nep-dcm New Economics Papers
on Discrete Choice Models
Issue of 2007‒02‒10
four papers chosen by
Philip Yu
Hong Kong University

  1. Banking behaviour after the lifecycle event of “moving in together”: An exploratory study of the role of marketing investments By B. LARIVIÈRE; D. VAN DEN POEL
  2. Random Forrests for Multiclass classification: Random Multinomial Logit By A. PRINZIE; D. VAN DEN POEL
  3. Bayesian Estimation of Dynamic Discrete Choice Models By Susumu Imai; Neelam Jain; Andrew Ching
  4. Modelling Heterogeneity in Patients' Preferences for the Attributes of a General Practitioner Appointment By Arne Risa Hole

    Abstract: This study addresses an important issue for both managers and researchers: whether it is advantageous for financial services providers to invest in youth marketing. More specifically, the effectiveness of these investments is evaluated in terms of retention proneness once youngsters enter the lifecycle event of “moving in together”. The study identifies eight constructs of youth marketing and contrasts their impact against the best deal when youngsters decide to move in together and consequently experience the need to buy their first collectivized financial products, such as a joint account or a mortgage for their new home. Furthermore, the influence of the partner, prior patronage behaviour, customer demographics and psychographic variables are tested for. The findings of the study reveal that (i) individuals are likely to change their banking behaviour during crucial lifetime events such as moving in together, (ii) not all youth marketing investments are equally effective, while (iii) the best deal components (e.g. convenience, price conditions, etc.) have a major impact.
    Keywords: Marketing; Banking; Strategic planning; Ordered logit analysis.
    Date: 2007–01
    Abstract: Several supervised learning algorithms are suited to classify instances into a multiclass value space. MultiNomial Logit (MNL) is recognized as a robust classifier and is commonly applied within the CRM (Customer Relationship Management) domain. Unfortunately, to date, it is unable to handle huge feature spaces typical of CRM applications. Hence, the analyst is forced to immerse himself into feature selection. Surprisingly, in sharp contrast with binary logit, current software packages lack any feature selection algorithm for MultiNomial Logit. Conversely, Random Forests, another algorithm learning multi class problems, is just like MNL robust but unlike MNL it easily handles high-dimensional feature spaces. This paper investigates the potential of applying the Random Forests principles to the MNL framework. We propose the Random MultiNomial Logit (RMNL), i.e. a random forest of MNLs, and compare its predictive performance to that of a) MNL with expert feature selection, b) Random Forests of classification trees. We illustrate the Random MultiNomial Logit on a cross-sell CRM problem within the home-appliances industry. The results indicate a substantial increase in model accuracy of the RMNL model to that of the MNL model with expert feature selection.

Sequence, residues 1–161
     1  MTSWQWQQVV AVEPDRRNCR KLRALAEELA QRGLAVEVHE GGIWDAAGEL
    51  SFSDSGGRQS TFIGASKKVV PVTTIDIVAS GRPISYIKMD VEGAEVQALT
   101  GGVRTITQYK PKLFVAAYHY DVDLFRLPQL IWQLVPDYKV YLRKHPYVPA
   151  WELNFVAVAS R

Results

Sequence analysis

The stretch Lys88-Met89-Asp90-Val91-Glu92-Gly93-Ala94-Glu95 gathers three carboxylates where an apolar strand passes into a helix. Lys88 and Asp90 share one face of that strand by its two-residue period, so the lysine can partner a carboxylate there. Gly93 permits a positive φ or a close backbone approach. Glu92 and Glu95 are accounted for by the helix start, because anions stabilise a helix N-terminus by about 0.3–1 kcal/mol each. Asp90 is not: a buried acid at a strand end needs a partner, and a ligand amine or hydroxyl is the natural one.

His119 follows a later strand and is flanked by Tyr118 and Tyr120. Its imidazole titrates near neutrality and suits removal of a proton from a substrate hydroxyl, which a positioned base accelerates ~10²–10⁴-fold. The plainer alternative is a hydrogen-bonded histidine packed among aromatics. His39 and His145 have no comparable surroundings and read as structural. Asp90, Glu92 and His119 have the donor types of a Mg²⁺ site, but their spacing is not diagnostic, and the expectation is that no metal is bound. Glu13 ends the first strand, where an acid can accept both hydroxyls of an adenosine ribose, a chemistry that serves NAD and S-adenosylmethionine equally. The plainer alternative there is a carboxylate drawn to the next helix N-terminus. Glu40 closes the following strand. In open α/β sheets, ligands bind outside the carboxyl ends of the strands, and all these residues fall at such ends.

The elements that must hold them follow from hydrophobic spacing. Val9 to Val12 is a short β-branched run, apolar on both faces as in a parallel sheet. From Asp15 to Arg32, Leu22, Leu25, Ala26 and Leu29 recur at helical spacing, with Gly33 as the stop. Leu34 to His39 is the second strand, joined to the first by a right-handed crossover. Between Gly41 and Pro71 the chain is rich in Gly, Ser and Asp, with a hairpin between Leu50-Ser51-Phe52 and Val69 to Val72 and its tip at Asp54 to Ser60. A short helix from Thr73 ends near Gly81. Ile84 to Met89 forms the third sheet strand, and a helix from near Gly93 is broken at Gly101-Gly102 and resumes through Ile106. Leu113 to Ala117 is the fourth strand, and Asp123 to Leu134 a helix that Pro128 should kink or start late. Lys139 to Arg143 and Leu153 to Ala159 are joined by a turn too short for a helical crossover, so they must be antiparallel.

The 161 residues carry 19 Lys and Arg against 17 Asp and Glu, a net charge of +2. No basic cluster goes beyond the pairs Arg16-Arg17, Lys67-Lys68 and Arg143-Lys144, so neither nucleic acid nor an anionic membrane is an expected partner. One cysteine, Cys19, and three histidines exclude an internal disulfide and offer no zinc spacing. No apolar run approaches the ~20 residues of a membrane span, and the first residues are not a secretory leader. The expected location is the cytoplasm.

Keywords: multiclass classifier design and evaluation, feature evaluation and selection, data mining methods and algorithms, customer relationship management (CRM)
    Date: 2007–01
  3. By: Susumu Imai (Queen's University); Neelam Jain (Northern Illinois University); Andrew Ching (University of Toronto)
    Abstract: We propose a new methodology for structural estimation of dynamic discrete choice models. We combine the Dynamic Programming (DP) solution algorithm with the Bayesian Markov Chain Monte Carlo algorithm into a single algorithm that solves the DP problem and estimates the parameters simultaneously. As a result, the computational burden of estimating a dynamic model becomes comparable to that of a static model. Another feature of our algorithm is that even though per solution-estimation iteration, the number of grid points on the state variable is small, the number of effective grid points increases with the number of estimation iterations. This is how we help ease the "Curse of Dimensionality". We simulate and estimate several versions of a simple model of entry and exit to illustrate our methodology. We also prove that under standard conditions, the parameters converge in probability to the true posterior distribution, regardless of the starting values.
    Keywords: Bayesian Estimation, Dynamic Discrete Choice Model, Dynamic Programming, Markov Chain Monte Carlo, Bayesian Dynamic Programming Estimation
    JEL: C51 C61 C63 L00
    Date: 2006–12
  4. By: Arne Risa Hole (Centre for Health Economics, University of York)
    Abstract: This paper examines the distribution of preferences in a sample of patients who responded to a discrete choice experiment on the choice of general practitioner appointments. In addition to standard logit, mixed and latent class logit models are used to analyse the data from the choice experiment. It is found that there is significant preference heterogeneity for all the attributes in the experiment and that both the mixed and latent class models lead to significant improvements in fit compared to the standard logit model. Moreover, the distribution of preferences implied by the preferred mixed and latent class models is similar for many attributes.
    Keywords: discrete choice experiment; mixed logit; latent class logit
    JEL: I10 C25
    Date: 2007–01

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